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Upgrading scrap tires derived oil into value-added products for the mining industry

Following the COP21 conference in Paris on the fight against climate change, Québec has made significant commitments to reduce its greenhouse gas (GHG) emissions. The goal is to reduce these emissions by 37.5% below 1990 levels by 2030. In order to meet these ambitious targets, the evolution of the current energy scenario towards the use of alternative sources of carbon, such as residues of lignocellulosic biomass, energy crops as well as waste is inevitable. The use of waste as a source of energy is particularly interesting because it represents a problem to manage. Among the various types of waste produced in the province, scrap tires are especially challenging, in particular scrap tires from the mining industry due to their size, composition and accessibility, which increases the cost of the potential upgrading techniques. According to the Tire and Rubber Association of Canada, approximately 80,000 units of this type of tire are produced annually in Quebec, highlighting the need to valorize them.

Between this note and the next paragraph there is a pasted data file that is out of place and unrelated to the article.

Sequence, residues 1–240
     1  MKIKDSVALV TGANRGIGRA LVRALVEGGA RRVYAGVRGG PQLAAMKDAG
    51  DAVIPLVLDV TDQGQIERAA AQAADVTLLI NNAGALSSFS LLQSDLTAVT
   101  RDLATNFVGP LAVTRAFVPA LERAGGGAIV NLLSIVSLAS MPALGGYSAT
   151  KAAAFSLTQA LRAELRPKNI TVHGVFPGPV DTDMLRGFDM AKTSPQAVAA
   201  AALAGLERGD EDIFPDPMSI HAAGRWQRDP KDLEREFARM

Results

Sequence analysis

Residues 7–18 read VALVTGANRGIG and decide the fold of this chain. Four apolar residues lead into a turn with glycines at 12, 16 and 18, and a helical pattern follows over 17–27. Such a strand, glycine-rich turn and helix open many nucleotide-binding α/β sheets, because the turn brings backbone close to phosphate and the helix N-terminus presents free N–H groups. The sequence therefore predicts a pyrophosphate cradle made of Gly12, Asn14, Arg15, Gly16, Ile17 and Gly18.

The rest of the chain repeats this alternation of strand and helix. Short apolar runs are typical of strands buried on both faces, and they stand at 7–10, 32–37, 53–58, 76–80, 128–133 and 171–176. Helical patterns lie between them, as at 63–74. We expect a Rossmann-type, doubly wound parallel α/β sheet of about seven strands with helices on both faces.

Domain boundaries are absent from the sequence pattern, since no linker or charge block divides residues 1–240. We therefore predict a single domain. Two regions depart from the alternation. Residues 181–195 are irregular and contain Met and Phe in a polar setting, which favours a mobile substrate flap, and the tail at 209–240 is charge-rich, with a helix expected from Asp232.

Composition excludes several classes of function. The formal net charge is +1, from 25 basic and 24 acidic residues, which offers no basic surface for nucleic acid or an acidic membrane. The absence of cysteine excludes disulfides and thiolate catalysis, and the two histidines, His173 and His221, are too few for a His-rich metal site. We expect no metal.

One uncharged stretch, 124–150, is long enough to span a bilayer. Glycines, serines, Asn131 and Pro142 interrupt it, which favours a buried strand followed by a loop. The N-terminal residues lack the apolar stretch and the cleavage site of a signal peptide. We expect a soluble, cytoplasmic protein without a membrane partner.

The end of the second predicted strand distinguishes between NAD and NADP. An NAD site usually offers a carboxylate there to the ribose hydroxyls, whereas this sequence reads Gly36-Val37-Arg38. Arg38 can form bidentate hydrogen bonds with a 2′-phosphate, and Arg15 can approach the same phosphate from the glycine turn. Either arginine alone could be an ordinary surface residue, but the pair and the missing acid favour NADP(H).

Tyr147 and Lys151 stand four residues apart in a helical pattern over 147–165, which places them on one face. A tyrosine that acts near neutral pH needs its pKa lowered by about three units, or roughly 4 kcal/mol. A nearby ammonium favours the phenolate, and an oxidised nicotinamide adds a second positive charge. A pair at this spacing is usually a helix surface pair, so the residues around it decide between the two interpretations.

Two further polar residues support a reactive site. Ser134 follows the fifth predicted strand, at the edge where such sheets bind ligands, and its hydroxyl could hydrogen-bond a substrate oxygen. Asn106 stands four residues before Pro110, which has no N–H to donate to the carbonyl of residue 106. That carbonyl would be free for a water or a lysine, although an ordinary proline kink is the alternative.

This project, which will be developed in partnership with the companies KrownCorp and GestionVFC, aims at upgrading scrap tires from the mining industry that will be transformed using a reverse polymerization process producing an oil that can be used in the production of liquid fuels such as diesel and jetfuel. However, this oil must be treated to meet the requirements of the final chosen product. The different steps of this upgrading process will be developed during this project, while using secondary products from the reverse polymerization process and/or other low cost materials, minimizing the costs associated with each step of the process. This new technology for energy recovery from scrap tires will help Quebec to achieve its GHG emission reduction targets while contributing to the management of this waste in Quebec.

Jean-Michel Lavoie

Université de Sherbrooke

CRIBIQ's contribution

$ 192 999